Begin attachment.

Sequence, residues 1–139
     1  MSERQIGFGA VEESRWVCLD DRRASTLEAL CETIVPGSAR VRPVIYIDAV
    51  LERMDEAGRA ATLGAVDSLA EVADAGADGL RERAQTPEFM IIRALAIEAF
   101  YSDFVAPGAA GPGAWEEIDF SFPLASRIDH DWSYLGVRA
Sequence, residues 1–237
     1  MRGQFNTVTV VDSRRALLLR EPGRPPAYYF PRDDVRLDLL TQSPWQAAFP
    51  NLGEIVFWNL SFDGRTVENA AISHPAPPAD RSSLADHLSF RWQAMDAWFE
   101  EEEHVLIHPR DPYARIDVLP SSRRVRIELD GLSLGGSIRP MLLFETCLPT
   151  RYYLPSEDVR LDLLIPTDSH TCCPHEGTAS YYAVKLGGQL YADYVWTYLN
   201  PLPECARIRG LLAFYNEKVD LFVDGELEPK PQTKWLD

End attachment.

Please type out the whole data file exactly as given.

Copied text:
Sequence, residues 1–139
     1  MSERQIGFGA VEESRWVCLD DRRASTLEAL CETIVPGSAR VRPVIYIDAV
    51  LERMDEAGRA ATLGAVDSLA EVADAGADGL RERAQTPEFM IIRALAIEAF
   101  YSDFVAPGAA GPGAWEEIDF SFPLASRIDH DWSYLGVRA
Sequence, residues 1–237
     1  MRGQFNTVTV VDSRRALLLR EPGRPPAYYF PRDDVRLDLL TQSPWQAAFP
    51  NLGEIVFWNL SFDGRTVENA AISHPAPPAD RSSLADHLSF RWQAMDAWFE
   101  EEEHVLIHPR DPYARIDVLP SSRRVRIELD GLSLGGSIRP MLLFETCLPT
   151  RYYLPSEDVR LDLLIPTDSH TCCPHEGTAS YYAVKLGGQL YADYVWTYLN
   201  PLPECARIRG LLAFYNEKVD LFVDGELEPK PQTKWLD